• Know your audience   Speak to your audience in language that they understand:   Institutional investor – do not speak ‘techie’, tie everything back to money   Strategic investor – may be more technical; will be interested in your ideas as they impact their business   Strategic Partner – mix of technical and business; understand how a relationship will be mutually profitable to both parties   Angel Investors - access their background; understand their interests   Customer – understand their industry and pain points Slide 11
  • Case Study Before… Product and Technology A prototype is currently available at www.tryme.com which monitors blogs from Blogger (Google’s blog hosting service) which includes approximately 13 million blogs. Our proprietary crawling technology monitors approximately 90% of the blogsphere through livejournal, wordpress, livespaces and… After… Product and Technology Inc. can collect, clean, aggregate and processes vast amounts of text information and extract the actionable insights that these marketers and information services companies seek. Inc.’s platform is uniquely sensitive to changes in individual sentiment. Slide 12
  • Know your audience   Give your audience the information they are looking for:   Do not assume they want to see the depth of your scientific knowledge   Speak to them with their interests in mind, not your interests in mind   Whenever possible, communicate with numbers and graphics   “the market is huge and growing”, you could say “the total market is $3B and is projected to grow at 12% per annum”   show a graph of the historic and projected market size broken down by segment Slide 13
  • Case Study Before… Addressable Market Segment Social networking and user-generated content applications have rapidly changed use and perception of online technologies. BLOGs have been increasing at a rate of 100,000 a day and currently range in the order of 80 million… After… Addressable Market Segment The market opportunity for this technology is vast. Annual spending on market research in the US is estimated to grow by approximately 25% going from $8.7B 2007 to $10.9B in 2009… Slide 14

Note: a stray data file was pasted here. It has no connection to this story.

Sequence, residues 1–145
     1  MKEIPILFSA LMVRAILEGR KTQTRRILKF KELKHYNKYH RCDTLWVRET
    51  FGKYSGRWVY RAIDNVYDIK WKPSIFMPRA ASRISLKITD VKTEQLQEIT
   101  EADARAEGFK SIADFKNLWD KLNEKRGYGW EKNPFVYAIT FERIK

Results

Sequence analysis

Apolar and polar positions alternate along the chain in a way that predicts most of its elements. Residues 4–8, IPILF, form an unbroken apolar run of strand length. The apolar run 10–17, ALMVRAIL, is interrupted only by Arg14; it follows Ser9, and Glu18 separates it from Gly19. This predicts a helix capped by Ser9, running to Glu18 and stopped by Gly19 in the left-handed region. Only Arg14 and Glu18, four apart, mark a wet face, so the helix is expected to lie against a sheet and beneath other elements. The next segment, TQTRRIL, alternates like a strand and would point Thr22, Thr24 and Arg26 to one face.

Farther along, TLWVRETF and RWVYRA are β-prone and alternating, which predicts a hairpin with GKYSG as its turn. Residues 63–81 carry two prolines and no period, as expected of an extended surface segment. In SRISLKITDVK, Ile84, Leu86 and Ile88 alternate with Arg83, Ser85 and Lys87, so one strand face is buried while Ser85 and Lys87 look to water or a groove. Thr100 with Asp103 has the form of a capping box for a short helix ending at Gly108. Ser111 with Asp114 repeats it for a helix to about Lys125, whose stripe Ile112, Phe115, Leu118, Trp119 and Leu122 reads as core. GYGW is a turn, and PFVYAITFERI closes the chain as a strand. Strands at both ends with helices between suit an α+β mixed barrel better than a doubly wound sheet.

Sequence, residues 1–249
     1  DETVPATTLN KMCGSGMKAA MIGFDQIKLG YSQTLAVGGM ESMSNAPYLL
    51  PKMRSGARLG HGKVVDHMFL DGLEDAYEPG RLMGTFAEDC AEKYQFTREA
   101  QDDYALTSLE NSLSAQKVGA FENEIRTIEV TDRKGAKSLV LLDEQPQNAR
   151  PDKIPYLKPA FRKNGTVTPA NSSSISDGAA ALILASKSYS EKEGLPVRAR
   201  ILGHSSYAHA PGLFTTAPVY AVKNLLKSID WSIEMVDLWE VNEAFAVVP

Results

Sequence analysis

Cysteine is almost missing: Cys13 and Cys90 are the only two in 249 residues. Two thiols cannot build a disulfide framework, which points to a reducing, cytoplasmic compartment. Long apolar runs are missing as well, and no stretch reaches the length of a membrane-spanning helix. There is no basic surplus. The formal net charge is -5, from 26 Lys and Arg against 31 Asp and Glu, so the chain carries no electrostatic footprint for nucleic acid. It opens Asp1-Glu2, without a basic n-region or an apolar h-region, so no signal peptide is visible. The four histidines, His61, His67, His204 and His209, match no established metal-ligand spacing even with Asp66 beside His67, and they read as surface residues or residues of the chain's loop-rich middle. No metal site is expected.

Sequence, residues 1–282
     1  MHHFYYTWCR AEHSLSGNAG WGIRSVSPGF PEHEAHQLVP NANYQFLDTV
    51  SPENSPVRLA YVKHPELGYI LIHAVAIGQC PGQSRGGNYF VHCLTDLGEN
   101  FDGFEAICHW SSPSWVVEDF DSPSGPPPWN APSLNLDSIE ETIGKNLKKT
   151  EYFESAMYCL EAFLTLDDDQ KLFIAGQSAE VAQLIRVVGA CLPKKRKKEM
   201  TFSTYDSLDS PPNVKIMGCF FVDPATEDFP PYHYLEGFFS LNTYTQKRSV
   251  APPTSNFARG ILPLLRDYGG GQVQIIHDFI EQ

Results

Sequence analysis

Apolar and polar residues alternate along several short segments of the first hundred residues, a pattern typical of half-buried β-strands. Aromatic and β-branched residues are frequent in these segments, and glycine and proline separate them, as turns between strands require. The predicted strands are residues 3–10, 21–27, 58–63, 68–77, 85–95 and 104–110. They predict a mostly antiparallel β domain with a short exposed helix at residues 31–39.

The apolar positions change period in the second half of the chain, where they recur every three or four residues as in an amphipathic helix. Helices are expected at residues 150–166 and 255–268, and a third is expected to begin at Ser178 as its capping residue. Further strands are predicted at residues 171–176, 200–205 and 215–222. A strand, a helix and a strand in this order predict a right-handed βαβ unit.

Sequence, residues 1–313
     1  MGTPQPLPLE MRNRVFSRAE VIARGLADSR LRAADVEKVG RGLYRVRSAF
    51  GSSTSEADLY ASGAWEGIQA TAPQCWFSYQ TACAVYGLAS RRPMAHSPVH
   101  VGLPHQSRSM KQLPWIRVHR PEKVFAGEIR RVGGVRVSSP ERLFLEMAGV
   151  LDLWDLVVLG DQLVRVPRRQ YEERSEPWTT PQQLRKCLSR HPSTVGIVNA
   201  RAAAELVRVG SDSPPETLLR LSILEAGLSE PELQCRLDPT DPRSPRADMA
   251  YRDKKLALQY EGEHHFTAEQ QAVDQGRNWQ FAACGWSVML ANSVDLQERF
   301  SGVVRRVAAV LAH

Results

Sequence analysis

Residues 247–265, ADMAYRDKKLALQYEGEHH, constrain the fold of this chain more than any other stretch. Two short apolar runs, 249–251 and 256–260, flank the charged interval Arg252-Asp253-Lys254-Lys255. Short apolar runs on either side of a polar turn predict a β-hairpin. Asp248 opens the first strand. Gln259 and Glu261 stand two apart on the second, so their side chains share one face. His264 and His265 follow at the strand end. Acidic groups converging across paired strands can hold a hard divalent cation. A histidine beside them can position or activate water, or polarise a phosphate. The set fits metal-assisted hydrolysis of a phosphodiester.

• Case Study Before… Competitive Advantage Inc. provides brands a simple tool for real time sentiment monitoring in places like Facebook etc. After… Competitive Advantage Inc.’s competitive advantage is rooted in the expertise of its principals and its proprietary platform technology, benefits include: First fully automated online solution for media analytics. Via simple fully configurable dashboards, users can start monitoring their brand…. Advanced data analytics and language processing. The software utility can efficiently track sentiment Slide 15
  • Communication tools help you build relationships   Be strategic about what you provide and when you provide it   Not everyone should see your white paper or business plan   Leave some details for later, don’t give away everything in the first meeting   Your documentation should radiate professionalism   Ensure accurate grammar, spelling, diction, illustration, layout, etc. Slide 16
  • The Pitch http://www.youtube.com/watch?v=nkuOuxRD1Bc 2:40 -4:30
  • The Elevator Pitch Slide 18
  • Inc. has developed hand-held devices that are designed to quickly assess a patient’s brain function and potentially identify dysfunction to help medical professionals to prescribe appropriate treatments. Slide 19